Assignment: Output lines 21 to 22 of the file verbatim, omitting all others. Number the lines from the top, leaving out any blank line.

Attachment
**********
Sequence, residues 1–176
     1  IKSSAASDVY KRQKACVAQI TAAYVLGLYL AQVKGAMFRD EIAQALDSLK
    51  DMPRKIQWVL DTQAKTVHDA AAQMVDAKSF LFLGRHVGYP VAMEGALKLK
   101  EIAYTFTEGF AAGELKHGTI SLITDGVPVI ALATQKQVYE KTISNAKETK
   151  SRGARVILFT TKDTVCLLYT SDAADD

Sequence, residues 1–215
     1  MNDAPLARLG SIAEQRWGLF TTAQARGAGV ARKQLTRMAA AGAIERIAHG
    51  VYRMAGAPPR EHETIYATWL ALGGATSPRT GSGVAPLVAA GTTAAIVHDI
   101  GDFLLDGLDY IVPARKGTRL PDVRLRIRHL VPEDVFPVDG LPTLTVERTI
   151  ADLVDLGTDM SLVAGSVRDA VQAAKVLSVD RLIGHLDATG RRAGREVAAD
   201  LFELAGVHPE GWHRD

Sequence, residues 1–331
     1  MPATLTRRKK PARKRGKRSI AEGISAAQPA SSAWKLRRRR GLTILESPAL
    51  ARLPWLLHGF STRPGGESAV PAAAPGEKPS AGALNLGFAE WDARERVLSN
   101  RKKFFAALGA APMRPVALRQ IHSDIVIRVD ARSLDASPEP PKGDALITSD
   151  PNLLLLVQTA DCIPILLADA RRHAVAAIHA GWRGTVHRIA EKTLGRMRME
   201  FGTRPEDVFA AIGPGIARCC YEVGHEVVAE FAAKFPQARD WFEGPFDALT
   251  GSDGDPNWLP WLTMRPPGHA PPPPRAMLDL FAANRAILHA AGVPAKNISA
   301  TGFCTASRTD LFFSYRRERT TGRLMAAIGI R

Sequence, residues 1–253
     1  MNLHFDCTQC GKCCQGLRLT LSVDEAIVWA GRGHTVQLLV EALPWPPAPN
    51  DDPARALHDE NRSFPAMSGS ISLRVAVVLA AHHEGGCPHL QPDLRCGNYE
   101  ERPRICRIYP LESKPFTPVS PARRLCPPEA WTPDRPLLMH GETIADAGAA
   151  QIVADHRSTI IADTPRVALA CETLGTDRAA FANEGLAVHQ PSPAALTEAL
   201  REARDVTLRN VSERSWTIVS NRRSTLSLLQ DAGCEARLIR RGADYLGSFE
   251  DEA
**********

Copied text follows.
     1  MNLHFDCTQC GKCCQGLRLT LSVDEAIVWA GRGHTVQLLV EALPWPPAPN
    51  DDPARALHDE NRSFPAMSGS ISLRVAVVLA AHHEGGCPHL QPDLRCGNYE